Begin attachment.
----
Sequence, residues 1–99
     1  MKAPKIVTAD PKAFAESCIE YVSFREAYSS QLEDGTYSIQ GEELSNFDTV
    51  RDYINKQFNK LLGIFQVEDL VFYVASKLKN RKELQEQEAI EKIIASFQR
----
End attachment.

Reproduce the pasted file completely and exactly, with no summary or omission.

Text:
Sequence, residues 1–99
     1  MKAPKIVTAD PKAFAESCIE YVSFREAYSS QLEDGTYSIQ GEELSNFDTV
    51  RDYINKQFNK LLGIFQVEDL VFYVASKLKN RKELQEQEAI EKIIASFQR